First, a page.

Home News Rock the block: 600 Block begins Saturday indie market

Rock the block: 600 Block begins Saturday indie market


Under a sunny and blustery sky, music and conversation filled the air as the 600 Block in downtown St. Petersburg launched its monthly Saturday afternoon Indie Market.

On March 3, a leisurely crowd meandered up and down the block, eyeing tables of iridescent glass guitar picks, embroidered vintage pillows, jars of locally harvested honey and vintage clothing racks.

Ramblin’ Rose Upcycle shop co-owner Rosey Williams said the idea for the market developed as the district began gaining notoriety as an arts and culture destination.

Williams said business owners wanted to garner attention “for our strip of independent businesses while giving outside vendors a chance to showcase their talent.”

“We hope more people can get involved and join in as shoppers, visitors, artists, and realize the importance and benefits of supporting the local economy,” Williams said.

Vendors interested in showing their work can contact stpeteindiemarket@gmail.com for more information.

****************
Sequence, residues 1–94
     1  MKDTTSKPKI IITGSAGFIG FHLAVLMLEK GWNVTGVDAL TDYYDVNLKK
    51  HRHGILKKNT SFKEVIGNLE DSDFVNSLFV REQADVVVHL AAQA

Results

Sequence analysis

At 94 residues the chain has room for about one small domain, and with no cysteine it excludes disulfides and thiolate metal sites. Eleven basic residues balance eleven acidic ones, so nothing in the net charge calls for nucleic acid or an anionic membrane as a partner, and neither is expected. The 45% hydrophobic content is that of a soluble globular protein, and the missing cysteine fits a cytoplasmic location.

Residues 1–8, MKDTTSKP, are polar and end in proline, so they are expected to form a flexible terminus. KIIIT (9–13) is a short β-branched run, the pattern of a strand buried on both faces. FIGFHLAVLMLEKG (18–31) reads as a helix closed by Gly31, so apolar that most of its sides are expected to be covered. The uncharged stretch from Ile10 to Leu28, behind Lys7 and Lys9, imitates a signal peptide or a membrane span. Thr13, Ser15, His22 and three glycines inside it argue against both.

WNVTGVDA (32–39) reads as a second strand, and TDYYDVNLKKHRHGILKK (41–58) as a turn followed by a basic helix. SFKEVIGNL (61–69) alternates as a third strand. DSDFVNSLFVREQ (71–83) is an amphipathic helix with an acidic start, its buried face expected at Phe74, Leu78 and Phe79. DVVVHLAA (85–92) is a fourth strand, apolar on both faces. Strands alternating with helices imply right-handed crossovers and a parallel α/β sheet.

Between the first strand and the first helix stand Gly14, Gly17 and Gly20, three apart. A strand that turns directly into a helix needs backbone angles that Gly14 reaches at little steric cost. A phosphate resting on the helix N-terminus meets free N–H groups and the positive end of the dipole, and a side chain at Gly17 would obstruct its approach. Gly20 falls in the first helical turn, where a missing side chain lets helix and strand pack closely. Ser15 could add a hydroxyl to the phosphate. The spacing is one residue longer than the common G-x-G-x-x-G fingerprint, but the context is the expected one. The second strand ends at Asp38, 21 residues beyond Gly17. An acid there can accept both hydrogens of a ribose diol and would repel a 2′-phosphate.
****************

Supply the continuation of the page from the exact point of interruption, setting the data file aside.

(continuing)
The Indie Market is located on the 600 Block of Central Avenue in St. Petersburg and takes place on the first Saturday of every month from 12 p.m. to 6 p.m.

Ramblin’ Rose co-owners Rosey Williams, left, and Kaitlin Crockett, right, inside their shop on the 600 Block of Central Avenue.
Beverly Dock adds Native-American details to her handcrafted purses and moccasins. Originally from New York, Dock—of Chiricahua-Apache descent—uses some of her own recycled materials in her creations, adding “When I get tired of looking at it, I wear it. That’s the true meaning of recycled.”
Area beekeeper and owner of St. Pete Hives, Rebecca Conroy has seen an increase in the classes she teaches about homemade body products and beekeeping. When asked if beekeeping is hard to learn, Conroy shrugged and said, “If a person reads a lot, anybody can do it. It’s good for the environment.”
Oh Strumpets! Co-owners Becky Farley, left, and Olivia Ortiz, right, met online through mutual admiration of each other’s blogs. Farley jokingly said their quirky, handmade creations “are cute, but a little bit rotten.” The word strumpet means a girl with loose morals.
Nic Weathersbee, left, of Urban Micro Farms, explains the benefits of growing your own food. Weathersbee says he has grown more food than he can handle from his raised bed garden and believes he can set an example of “teaching by existing.”
Local clothing designer, band stylist and jewelry designer, Joanna Coblentz, came out Saturday to showcase her new jewelry line that she “creates just for fun and to support my dear friend, Rosey.”
Local artist Herbert Davis stands with some of his acrylic “earth tones” and “Zen feel” paintings. Davis, who works from his studio for the past 15 years at the Salt Creek Gallery in St. Petersburg, came out Saturday to “see what type of traffic it would bring.”




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